Trigger warning: self harm
I’ve written before about the frustrations of having a mental illness that leaves visual signs on my body, and that it can often feel as if my body is betraying me with its scars or its size. Recently I’ve had a lot of thoughts floating around about scars in particular. Summer is coming up, and I happen to have scarring on my legs and stomach that would be visible in shorts or swimsuits. I’ve had a few incidents surrounding scarring and people’s reactions. I can’t help but spend a lot of time wondering what to do with this body that is visibly damaged.
I think there are two main elements to this problem, that often come together to create a third problem. First, my body can trigger others and that is something I don’t want to do (I do in fact have some close friends who may be triggered by the sight of self harm scars). Second, self harm and the scars associated with it tend to inspire a viscerally negative and fearful reaction from those who have never experienced self harm, in such a way that it causes a great deal of distress for everyone involved. Out of these extremely fearful reactions comes the fact that because my body itself can be seen as a trigger, my mental state is often gauged by whether or not people can see physical marks of self harm.
The question of how to approach my body when it’s probably forever marked with the signs of my mental health isn’t an abstract one: this is something that I imagine many people have to face in a very serious, immediate, and daily fashion. Every day when I choose what clothes to put on my body I have to ask myself how much to cover up, how comfortable I am with my scars, whether I will be around people who might be triggered or hurt by seeing my body as it actually is, and how I can be honest with the people around me while not waving self harm in their faces.
It sucks. My body is not only a trigger for others but also for myself, because every time I look at it I get flooded with that mental calculus, wondering if there are people who would judge me differently if they saw it. I wonder if people would pity me or feel disgusted by me or be afraid of me? And at the same time I don’t want to be afraid anymore. I want to be brave enough to leave my house while wearing clothing that is comfortable to me and not give a second thought to whether or not someone might glimpse my ankles.
There is something incredibly painful about knowing that your very physical presence can trigger someone. This is where the two problems overlap and reflect back on the individual whose body it is. It’s possible that I could be walking through my life and simply by existing cause someone I care a lot about to panic, fall into anxiety, want to self harm, or have nasty flashbacks. There are a few things out there that are highly likely to trigger people: guns, rape and comments about rape, graphic descriptions of violence, serious calorie and weight loss talk, and definitely self harm scars. It’s terrifying to be one of those things and never be able to change it.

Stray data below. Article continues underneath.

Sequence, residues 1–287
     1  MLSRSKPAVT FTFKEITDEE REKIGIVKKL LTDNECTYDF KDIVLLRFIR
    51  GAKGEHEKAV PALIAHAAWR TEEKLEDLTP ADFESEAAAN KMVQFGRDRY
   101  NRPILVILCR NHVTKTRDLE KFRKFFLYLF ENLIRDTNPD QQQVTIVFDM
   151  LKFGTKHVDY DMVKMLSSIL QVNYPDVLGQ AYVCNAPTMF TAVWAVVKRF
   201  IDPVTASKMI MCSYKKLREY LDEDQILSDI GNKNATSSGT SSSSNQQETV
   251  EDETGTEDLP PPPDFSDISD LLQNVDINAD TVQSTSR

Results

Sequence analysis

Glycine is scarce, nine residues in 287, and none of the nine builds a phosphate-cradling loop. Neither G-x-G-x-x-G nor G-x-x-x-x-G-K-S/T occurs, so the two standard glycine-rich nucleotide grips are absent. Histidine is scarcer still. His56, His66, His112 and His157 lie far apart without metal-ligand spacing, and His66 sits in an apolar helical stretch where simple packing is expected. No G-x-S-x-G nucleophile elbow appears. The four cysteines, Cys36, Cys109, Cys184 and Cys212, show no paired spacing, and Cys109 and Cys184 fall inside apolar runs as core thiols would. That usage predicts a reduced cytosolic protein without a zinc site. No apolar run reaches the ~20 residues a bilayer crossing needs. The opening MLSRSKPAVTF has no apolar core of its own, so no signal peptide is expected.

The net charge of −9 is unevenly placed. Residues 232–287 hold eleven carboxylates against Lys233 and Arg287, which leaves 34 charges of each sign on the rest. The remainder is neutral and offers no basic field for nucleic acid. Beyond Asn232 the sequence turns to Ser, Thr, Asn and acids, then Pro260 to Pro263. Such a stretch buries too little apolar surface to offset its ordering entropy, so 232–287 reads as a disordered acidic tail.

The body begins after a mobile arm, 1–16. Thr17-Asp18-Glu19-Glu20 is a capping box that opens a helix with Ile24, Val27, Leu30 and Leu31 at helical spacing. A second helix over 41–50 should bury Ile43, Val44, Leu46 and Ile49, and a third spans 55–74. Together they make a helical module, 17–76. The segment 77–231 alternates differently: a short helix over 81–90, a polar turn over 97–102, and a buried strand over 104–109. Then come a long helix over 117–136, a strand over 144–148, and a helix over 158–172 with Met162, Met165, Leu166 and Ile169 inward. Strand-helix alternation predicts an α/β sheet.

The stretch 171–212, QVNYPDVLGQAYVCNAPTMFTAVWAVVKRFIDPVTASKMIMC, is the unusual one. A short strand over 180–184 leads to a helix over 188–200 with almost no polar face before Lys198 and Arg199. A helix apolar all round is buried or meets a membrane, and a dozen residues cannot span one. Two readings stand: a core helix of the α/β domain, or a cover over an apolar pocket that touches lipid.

Self harm scars in particular go one further. I am a walking trigger for people who have struggled with self harm in the past, but scars and self harm cause a reaction of terror, disgust, and discomfort in just about everyone. None of my other symptoms have ever inspired panic in the same way that self harm does (I’m still trying to figure out what it is about self harm that gets at people so emotionally). When the people close to me hear that I have self harmed or see a scar, they cannot control their emotions: they turn into fear driven creatures.
Imagine having a part of your body that if it were seen by just about anyone causes their eyes to widen uncomfortably, they start shifting back and forth and searching for a way out of any conversation, or they simply demand that you explain it to them. You can see the fear in them. They look disgusted and hurt. They never quite look at you the same again.
And this is the piece that brings me to my biggest problem with being a walking trigger: in our culture, people read our lives off of our bodies. Your size tells people whether you’re healthy or lazy or kind or generous. Your clothing tells people whether you’re nerdy or preppy or fashionable or slutty or prudish. Whether or not you smile determines if you’re a bitch or a jerk or kind. And especially for those with mental illness, people look at our bodies to read our mental states. I think I could deal with triggering people, I could talk to them, I could ask who needs what, if only my body didn’t come with the assumption that I’m fucked up and suicidal.
Usually when I identify something that’s really difficult about a certain aspect of mental illness, I try to throw out a few suggestions for ways to make it better. Unfortunately I don’t have any today. This is new for me this year, and I have no idea how to navigate the fact that my own body is a minefield. I don’t understand how to make it ok that I hurt people. I don’t know how to move towards body acceptance when my body is doing things I really don’t want it to (like communicating to others that I’m not ok, or triggering others). I don’t know how to be brave and wear my body proudly.
Some day perhaps I’ll go to a dance event and compete wearing a short skirt, or I’ll be able to go to the beach and wear a bikini. Today isn’t that day.
*note: if you are a friend of mine and you do find scars triggering, please let me know so I can make sure to cover up when I see you 🙂